How to make your home stand out when selling
It takes a lot more than sparkling windows, scented candles and chocolate-chip cookies to sell a home in today's market.
Improvements should be made so that the property shows well, is consistent with the neighborhood and does not involve capital investments.
Beyond any doubt, the best investment you can make is new paint. Painting can make a room or an exterior façade look brand-new, and totally transform the look and feel of a room or the entire residence. It is always wise to be somewhat restrained when choosing colors for a home-staging paint project. Avoid choosing colors that are too individual or flashy and favor neutral colors and schemes. This does not mean painting everything white, however.
Use subtle color schemes to accentuate the home's strengths and minimize weaknesses. Dark colors, for example, tend to make a room feel smaller, while lighter colors and pastels can make a room feel bigger.
There is another benefit to painting as well: the process of preparing the interior or exterior surfaces of a home for painting automatically allows us to go over the entire area receiving paint in great detail, and this can often expose items or areas requiring repair. It seems you always discover where the caulking has let go, where the wall is dinged.
It is always preferable that we discover and deal with these items before the real estate agent (or worse, the prospective buyer) points them out to you!
Dave - 360renos
Tuesday, November 24, 2009
Wednesday, November 18, 2009
Tuesday, November 17, 2009
Thursday, November 5, 2009
Sift through the product hype and understand what you're buying when it comes to safer paints
You may be getting more than a splash of colour when you paint. According to the Environmental Protection Agency (EPA), our indoor air is often more polluted than outdoor air and one of the culprits is common household paint.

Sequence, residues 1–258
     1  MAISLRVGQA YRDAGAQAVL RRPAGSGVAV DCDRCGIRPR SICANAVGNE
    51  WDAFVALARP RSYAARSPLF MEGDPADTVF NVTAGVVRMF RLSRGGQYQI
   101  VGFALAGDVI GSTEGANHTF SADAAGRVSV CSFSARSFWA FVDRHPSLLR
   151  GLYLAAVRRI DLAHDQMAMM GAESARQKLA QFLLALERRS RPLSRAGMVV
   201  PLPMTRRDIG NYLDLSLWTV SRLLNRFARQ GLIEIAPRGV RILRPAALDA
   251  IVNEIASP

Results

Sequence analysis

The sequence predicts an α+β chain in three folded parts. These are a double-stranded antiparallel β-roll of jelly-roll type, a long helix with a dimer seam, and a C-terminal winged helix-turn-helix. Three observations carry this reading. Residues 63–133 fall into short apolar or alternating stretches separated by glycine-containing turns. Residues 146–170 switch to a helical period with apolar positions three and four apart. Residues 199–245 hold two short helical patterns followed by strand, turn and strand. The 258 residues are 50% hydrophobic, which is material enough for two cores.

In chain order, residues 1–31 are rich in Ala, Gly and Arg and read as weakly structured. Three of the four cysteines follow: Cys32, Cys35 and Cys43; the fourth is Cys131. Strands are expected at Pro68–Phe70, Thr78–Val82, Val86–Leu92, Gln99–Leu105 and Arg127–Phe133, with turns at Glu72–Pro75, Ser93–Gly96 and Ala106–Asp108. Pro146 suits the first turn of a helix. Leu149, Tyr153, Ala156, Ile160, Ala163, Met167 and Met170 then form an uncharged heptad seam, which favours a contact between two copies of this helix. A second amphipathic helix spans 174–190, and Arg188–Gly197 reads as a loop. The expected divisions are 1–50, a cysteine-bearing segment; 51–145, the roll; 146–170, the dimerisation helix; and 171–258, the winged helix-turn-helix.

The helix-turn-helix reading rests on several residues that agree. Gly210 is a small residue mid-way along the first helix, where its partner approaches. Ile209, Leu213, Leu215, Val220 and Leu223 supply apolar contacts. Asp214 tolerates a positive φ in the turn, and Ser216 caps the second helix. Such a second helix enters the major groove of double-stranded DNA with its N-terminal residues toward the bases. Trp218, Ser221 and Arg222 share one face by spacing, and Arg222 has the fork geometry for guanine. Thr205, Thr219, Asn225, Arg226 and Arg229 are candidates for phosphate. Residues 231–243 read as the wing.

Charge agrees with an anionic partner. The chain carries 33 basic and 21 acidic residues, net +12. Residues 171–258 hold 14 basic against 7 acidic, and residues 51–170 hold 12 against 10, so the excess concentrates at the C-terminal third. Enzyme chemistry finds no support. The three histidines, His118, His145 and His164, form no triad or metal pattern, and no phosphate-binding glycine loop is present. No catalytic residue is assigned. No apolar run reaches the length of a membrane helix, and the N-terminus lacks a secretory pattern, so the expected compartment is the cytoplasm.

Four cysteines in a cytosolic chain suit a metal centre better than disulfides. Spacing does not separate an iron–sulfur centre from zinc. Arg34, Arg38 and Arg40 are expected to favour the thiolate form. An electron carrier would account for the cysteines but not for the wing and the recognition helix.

Due to their complex chemicals, conventional paints and finishes off-gas Volatile Organic Compounds (VOCs) for months after being applied. Since these chemicals are neurotoxins, inhaling them over long periods can be a health hazard, particularly for younger children.
Fortunately, new regulations from the federal government, first introduced in 2005 along with increased consumer awareness have created a demand for low-VOC paints and finishes.
But with even more choices out there, finding a low-toxicity paint can get a bit confusing. Prices are the same as most mid-range conventional paint, but there are different types of low-VOC paints and finishes.
Since low-VOC paints use water as a carrier, they often have low levels of heavy metals and other chemicals. They still off-gas, but it doesn’t stay around as long. Be careful with this label since there are currently no real guidelines in place yet. Environment Canada's standard is 250 grams per litre, but reputable dealers will only advertise their paint as low VOC when it has 50 g/L or less.
- C2’s LoVo line, available in over 300 colours - 360renos favourite for quality and richness of colors
- Sherwin Williams, Duration Home Harmony, available in over 50 shades
- Sico’s Cashmere, Chamois and Shantung line, available in four shades
- Benjamin Moore Aura Interior Paint, available in 144 shades
Zero-VOC is a trickier label. Technically there is no such thing as zero-VOC paints since all paints have chemicals, colourants, biocides and fungicides—which all off-gas. Like Low-VOC paints, the off-gassing is shorter and less toxic. A paint is considered zero-VOC if it’s under five grams/litre. Check the label carefully on these products.
Benjamin Moore’s Natura line, available in four shades
Wednesday, November 4, 2009
This fall I've been installing numerous exterior storm doors for clients.